Quick positive and negative facts on our trip in South Asia
As our traveling through South Asia almost comes to an end, we started talking and reliving some of the experiences we have had in the last 6 months. We have been through some happy, sad, surprising but mostly unforgettable moments. Things we would like to share with you today and leave you with the feeling of what is like to travel throughout this part of the world.
1. South Asia is absolutely beautiful. There are places with breathtaking views with rice-fields, volcanoes, turquoise beaches along with amazing cultures and fine food. We were shocked many times to find out a country or city is a lot more developed than thought previously. Like Cambodia and Vietnam. We didn’t think we would see and experience such beautiful scenery in countries where less than 35 years were destroyed by wars.
2. It is quite cheap. The average budget for all of South Asia was about $65 a day, for the both of us; including lodging, meals and activities. It is incredible to find out how affordable things really are. For example, prices can be divided by three to four in Asia for branded items sold in the USA and Europe. We bought a (real) North Face jacket for 40$..!
Regarding the accommodation, we stayed in beautiful and confortable homestays or smaller hotels for less than 20$ a night for the two of us including breakfast. For exemple in Hue, Vietnam, the Four Season hotel has been the best one in term of quality service for $16 dollar a night. In terms of food, western food can be more expensive but local food is definitively very cheap like $1.50 for a Pad Thai in Bangkok. Our impression was that the money goes a lot further for every dollar we spend. Keep in mind though, what you may spend on a day to day basis is what one person makes in one month. If you get a chance to meet and talk to one of the locals, you will see they only make on average no more than $90 a month.
3. It is fun to learn about the cultural differences as well as customs for each country. An example in Bali, we learned that men and women before they wed, they have to file their fangs as it symbolizes the end of their crazy single years. The goal of this trip was to get to know different culture and habits. We have not been disappointed as we can really see now how the world is diversified and different for the north to the south or west to the east. From time to time we had to get you used to a different way of living and behaviors. For example in India, if we had to ask a question to a local person, he/she would give us an answer no matter what. Right or wrong ! So you better check a couple of times if the information is correct. In Vietnam, people have this culture to eat small portions of food throughout the day on the street or the beach with chop sticks. In Thailand people can be more reserved at time and very respectful. In Cambodia or Indonesia, the sense of community is very present. Everybody helps each other and there is no shame to talk to each other or ask for help.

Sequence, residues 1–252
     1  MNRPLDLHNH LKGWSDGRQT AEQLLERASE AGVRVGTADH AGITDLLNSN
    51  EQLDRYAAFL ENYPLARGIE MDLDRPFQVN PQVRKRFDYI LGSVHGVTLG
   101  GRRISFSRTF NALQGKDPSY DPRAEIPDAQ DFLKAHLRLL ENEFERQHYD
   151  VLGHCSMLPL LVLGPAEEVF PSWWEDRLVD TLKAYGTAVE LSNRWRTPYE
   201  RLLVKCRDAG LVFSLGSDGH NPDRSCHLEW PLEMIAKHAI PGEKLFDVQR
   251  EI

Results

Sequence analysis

4. Food is really great. From the local street Pad Thai in Bangkok to the local warungs in Indonesia, serving Gado-Gado, the local dishes can be incredibly good. We enjoyed the different cooking classes to take the time to understand where the different flavors and tastes come from. We treated ourselves sometimes to more expensive meals but at the end, nothing beats local places.
5. You will have unforgettable memories no matter what happens. Like the snorkeling in Pemuteran with hundred of fish, or The Gili islands with sea turtles. The magical city of Ubud. The sunsets in Phu Quoc or Senggigi. Or others not so nice like the apparently 16 hours bus in Vietnam which actually took 23. Or the argument with the taxi driver in Probolingo. Also, you get to make awesome new friends, fellow travelers who are probably doing the same as you or just on vacation. We have met many people who we shared a beer or dinner with and will remember them forever.